Why Libya's Floods Were So Devastating Than Many Think

September 21, 2023

Storm Daniel, which hit eastern Libya on September 10, killed at least 7,300 people and left around 11,000 missing and 10,000 others homeless, in a city with an estimated population of around 200,000


early 8% of the population of the Libyan city of Derna was killed or went missing after devastating floods hit the city on September 10, 2023, in the biggest natural disaster in the country’s modern history. A third of the city’s buildings were wiped out and swept away by the Mediterranean Sea, while hundreds of bodies are believed to be trapped in structures and buildings under water.

The disaster followed a warning issued last year by professor of civil engineering Abdelwanees Ashoor. “In the event of a major flood, the consequences will be catastrophic for the inhabitants of the valley and the city,” the Libyan academic wrote. Ashoor was not taken seriously by the authorities, resulting in one of the greatest flood tragedies in modern history in a country torn by conflict and war.

The floods have affected 200,000 Libyans, and the entire area of the old city of Derna was swallowed by water after the two dams surrounding the city exploded at 3:00 a.m. local time, giving people little time to flee. In fact, the local authorities had sent out a text message the day before warning people not to leave their homes because of the heavy rains caused by Storm Daniel, which hit the region from Greece.

Thousands dead and missing

Bad weather conditions made it impossible to use helicopters due to the strong winds at the time of the storm, in addition to the extremely difficult natural terrain of the area, which prevented the arrival of rescue equipment, teams, and vehicles.

Storm Daniel, which hit eastern Libya on September 10, killed at least 7,300 people and left around 11,000 homeless in a city with an estimated population of around 200,000. According to preliminary official figures, more than 36,000 people have been displaced.

The UN Office for the Coordination of Humanitarian Affairs said the death toll from the floods in Derna had risen to 11,300, while 10,100 people were still missing. The UN warned that an epidemic could break out in the city due to decomposing bodies and water pollution. Some 150 people have arrived to hospitals due to poison after drinking from the polluted water of Derna.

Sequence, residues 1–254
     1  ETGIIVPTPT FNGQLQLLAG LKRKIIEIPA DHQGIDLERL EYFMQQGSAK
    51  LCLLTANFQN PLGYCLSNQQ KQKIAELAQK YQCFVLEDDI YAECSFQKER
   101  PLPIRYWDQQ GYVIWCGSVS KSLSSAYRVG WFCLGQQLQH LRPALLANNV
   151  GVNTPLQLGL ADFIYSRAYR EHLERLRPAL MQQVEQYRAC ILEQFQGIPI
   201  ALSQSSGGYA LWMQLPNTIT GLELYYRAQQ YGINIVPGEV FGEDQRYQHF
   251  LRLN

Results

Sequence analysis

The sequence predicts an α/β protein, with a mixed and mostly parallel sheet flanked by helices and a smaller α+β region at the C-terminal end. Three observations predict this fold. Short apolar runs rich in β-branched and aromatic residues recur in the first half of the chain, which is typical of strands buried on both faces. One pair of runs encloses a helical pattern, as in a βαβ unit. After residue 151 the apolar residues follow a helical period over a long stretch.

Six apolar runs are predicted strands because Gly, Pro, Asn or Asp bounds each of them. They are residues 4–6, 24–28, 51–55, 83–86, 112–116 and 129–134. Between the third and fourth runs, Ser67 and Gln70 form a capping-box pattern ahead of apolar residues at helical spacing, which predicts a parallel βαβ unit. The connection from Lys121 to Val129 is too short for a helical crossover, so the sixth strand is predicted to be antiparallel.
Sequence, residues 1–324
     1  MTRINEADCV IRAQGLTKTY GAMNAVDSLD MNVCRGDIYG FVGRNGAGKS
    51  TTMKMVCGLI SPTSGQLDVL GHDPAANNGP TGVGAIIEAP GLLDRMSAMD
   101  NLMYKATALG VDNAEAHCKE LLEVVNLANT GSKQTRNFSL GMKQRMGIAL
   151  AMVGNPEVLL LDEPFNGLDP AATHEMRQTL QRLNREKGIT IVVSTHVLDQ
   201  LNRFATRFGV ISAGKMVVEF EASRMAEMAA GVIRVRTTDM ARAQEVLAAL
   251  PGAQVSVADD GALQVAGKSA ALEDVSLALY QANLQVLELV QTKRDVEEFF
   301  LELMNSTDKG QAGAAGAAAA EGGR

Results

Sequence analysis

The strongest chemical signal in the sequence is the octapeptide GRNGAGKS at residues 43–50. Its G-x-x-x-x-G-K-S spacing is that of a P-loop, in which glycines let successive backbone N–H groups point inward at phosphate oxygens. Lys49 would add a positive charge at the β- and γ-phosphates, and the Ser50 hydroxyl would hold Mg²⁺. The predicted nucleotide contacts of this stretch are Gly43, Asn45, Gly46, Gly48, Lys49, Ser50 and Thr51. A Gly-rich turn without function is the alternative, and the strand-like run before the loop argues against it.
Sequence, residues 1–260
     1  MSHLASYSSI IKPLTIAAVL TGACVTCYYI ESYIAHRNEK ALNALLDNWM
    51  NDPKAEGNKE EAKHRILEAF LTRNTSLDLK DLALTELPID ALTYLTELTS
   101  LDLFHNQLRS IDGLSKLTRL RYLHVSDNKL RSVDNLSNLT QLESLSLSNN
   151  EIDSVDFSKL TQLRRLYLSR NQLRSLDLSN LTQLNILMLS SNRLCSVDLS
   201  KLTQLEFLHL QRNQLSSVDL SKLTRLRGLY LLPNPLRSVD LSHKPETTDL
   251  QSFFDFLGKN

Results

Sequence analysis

The UN confirmed that 170 people had died in floods elsewhere in eastern Libya, and that the number of displaced people in northeastern Libya had reached approximately 40,000.

Warning against drinking unclear water

At the same time, the UN envoy to Libya, Abdullah Batili, said he had seen the destruction and devastation in Derna and left with a heavy heart. He noted that the disaster was beyond Libya’s capacity and went beyond politics and border issues.

Georgette Gagnon, assistant secretary-general, resident coordinator and humanitarian coordinator for Libya, confirmed that the UN is working with partners and local authorities to continue to deliver and coordinate much-needed humanitarian assistance to those in need.

The neglect of the city, which was previously a stronghold of armed groups opposed to Gaddafi and then Haftar’s forces, and the failure to maintain its dams and facilities and renovate its old buildings, in addition to the battles and wars it witnessed between 2015 and 2018, are among the factors that caused the death toll of Storm Daniel to rise dramatically.

Meanwhile, Libyans are still waiting for international aid to help them overcome one of the most tragic events in the country’s modern history. The city of Derna has experienced unprecedented destruction with residents being killed by both flooding and collapsed buildings. As time passes, the chances of finding survivors in Derna fades away.

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